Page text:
How Bob Iger Remade the House That Walt Built

Instead of the easy fixes, Bob Iger played the long game by addressing Disney’s cultural issues head-on, by making it stronger and more profitable with greater depth.

Let me pause here so I can show you one of my prized possessions. [Holds up framed photograph of him shaking Steve Jobs’ hand on stage at an Apple event.] On October 1, 2005, I officially become CEO of The Walt Disney Company. Three weeks later, I showed up on stage with this guy who, to the world, was our mortal enemy, because he controlled Pixar. In the court of public opinion, Steve Jobs was right and Disney was wrong. He wasn’t necessarily right about his opinions of Disney—but he was winning the perception battle. I showed up on stage at an Apple event, when he’s announcing the video iPod, and this picture commemorates our deal.

Going back to your question, these moves were not only designed to set us up in terms of future growth but to start shifting a culture and becoming a company that believed in itself again. I say this not to be critical of what happened before. But times had changed, and the needs of the company were very different. I took advantage of being a new CEO to make these moves. And they led to tangible, cultural change within the company.

Was there an instructive failure in your own career that helped form who you are today as a leader?
My parents, my father in particular, instilled in me a great work ethic and a level of ambition. A lot of it came from a desire to prove that I was up to challenges. I still feel that in me, by the way. I seek new challenges so I can prove that I’m worthy of more. That’s driven me in many ways.

Early on, I learned that if you owned your own failure, or embraced whatever disappointment, it was probably the best way to process and overcome the failure and disappointment. I remember early in my ABC Sports days a relatively trivial mistake had been made on a weekend sporting event on Wide World of Sports, where we simply missed a story that we should have had. In a Monday-morning session that the former head of ABC Sports, Roone Arledge, had, which was typically a postmortem of what went on during the weekend, whatever we had missed came up. There was silence around the room as Roone questioned what happened. At the time, I was young and low-titled and said, “It was my mistake. I missed that.” There was complete silence in the room. Everyone looked around. Here, I had admitted in front of the brass of then ABC Sports, including the head of it, that I had made a mistake.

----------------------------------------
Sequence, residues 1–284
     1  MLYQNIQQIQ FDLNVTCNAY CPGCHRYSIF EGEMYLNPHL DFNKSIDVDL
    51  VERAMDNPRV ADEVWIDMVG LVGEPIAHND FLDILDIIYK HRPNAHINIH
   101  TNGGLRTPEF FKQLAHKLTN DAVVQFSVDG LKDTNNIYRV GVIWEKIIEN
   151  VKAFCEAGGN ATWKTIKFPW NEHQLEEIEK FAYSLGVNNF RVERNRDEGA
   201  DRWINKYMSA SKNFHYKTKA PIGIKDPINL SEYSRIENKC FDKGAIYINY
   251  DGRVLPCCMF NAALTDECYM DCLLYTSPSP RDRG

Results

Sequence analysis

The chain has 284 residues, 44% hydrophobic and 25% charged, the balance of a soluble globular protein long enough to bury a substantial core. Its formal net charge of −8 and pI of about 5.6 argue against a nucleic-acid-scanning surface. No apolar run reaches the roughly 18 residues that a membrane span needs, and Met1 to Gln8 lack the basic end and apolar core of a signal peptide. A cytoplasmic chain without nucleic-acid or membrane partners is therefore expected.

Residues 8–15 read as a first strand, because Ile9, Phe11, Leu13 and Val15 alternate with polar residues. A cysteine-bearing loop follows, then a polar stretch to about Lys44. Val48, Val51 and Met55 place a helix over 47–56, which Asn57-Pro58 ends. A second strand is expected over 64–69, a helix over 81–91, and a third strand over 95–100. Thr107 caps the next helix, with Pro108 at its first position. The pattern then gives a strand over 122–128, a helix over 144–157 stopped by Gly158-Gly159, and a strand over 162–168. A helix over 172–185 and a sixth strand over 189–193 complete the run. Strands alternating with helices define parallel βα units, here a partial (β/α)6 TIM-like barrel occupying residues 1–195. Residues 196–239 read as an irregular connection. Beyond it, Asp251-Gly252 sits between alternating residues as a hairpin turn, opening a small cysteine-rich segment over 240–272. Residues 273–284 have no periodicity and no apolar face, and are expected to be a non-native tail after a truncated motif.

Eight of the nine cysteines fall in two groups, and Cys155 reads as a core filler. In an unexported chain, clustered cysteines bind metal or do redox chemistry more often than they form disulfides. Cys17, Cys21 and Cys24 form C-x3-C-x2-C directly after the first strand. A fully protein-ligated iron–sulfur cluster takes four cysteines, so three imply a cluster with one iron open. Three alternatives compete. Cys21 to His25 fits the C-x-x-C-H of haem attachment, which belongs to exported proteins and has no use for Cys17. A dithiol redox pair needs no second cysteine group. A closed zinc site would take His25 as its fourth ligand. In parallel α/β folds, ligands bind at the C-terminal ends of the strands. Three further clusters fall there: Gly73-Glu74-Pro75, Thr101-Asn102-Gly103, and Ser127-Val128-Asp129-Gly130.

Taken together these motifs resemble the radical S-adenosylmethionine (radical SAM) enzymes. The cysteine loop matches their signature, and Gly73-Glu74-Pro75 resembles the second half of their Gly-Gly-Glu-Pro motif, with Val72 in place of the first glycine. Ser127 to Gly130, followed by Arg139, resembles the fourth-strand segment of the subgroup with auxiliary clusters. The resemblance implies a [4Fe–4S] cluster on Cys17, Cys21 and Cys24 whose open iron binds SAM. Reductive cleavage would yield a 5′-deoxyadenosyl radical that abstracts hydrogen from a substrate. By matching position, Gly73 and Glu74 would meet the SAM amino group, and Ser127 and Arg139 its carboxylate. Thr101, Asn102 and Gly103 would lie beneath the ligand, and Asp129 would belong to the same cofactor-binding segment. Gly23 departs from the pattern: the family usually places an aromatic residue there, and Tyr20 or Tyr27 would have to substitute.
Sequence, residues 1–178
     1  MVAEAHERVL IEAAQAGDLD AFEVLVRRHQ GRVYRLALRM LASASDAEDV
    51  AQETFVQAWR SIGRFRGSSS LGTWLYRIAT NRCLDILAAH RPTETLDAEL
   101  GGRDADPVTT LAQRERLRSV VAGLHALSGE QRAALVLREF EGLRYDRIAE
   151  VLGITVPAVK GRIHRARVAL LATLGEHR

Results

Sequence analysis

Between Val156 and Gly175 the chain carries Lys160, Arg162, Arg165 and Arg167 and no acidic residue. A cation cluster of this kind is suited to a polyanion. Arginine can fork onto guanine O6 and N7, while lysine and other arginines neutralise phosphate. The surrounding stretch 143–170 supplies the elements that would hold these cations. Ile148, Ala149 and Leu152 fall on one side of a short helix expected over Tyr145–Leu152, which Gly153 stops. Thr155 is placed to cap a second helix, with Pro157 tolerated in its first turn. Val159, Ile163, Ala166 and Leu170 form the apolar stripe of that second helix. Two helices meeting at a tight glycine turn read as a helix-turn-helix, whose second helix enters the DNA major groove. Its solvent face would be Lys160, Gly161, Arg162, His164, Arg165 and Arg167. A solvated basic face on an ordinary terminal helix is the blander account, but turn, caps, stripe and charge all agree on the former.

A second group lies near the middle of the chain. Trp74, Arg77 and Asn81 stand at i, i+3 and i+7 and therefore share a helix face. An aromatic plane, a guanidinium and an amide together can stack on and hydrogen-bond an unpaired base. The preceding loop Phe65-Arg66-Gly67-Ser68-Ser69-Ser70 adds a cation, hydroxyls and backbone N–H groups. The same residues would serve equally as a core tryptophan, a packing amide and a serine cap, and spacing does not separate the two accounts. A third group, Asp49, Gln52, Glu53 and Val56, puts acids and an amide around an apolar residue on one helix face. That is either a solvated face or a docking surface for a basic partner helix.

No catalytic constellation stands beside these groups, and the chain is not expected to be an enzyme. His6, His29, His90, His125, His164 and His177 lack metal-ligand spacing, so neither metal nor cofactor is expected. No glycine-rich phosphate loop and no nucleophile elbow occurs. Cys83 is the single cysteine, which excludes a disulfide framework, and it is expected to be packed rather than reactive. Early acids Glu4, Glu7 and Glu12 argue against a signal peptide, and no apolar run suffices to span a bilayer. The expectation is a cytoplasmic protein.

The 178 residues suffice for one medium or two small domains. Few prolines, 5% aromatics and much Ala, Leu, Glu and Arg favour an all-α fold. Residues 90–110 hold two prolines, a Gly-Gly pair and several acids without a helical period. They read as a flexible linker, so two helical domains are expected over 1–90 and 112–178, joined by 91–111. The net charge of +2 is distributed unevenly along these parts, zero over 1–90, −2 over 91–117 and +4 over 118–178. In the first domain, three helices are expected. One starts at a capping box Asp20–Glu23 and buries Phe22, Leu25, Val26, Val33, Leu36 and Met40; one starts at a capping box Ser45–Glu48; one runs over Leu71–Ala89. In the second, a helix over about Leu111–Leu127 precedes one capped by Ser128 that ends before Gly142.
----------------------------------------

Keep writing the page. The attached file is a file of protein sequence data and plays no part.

It was the most empowering thing I could ever have done. We moved on. But what was interesting to me about this was it was a lesson. It was probably the first time I ever owned up to something like that in such a way. Looking back, it was relatively trivial, but it was unbelievably empowering. And the respect that people had for me for doing that actually put me in such a stronger, better position with everybody.

It taught me that if you failed, you have an ability to not just accept the failure and attempt to understand it but to be accountable for it. [Owning up to failure] offers the best chance to recover from it. It’s a lesson I’ve taken with me throughout [my career]. If something fails as a direct result of your decision and you take responsibility for it, you’re much more likely to endure than if you do the opposite.

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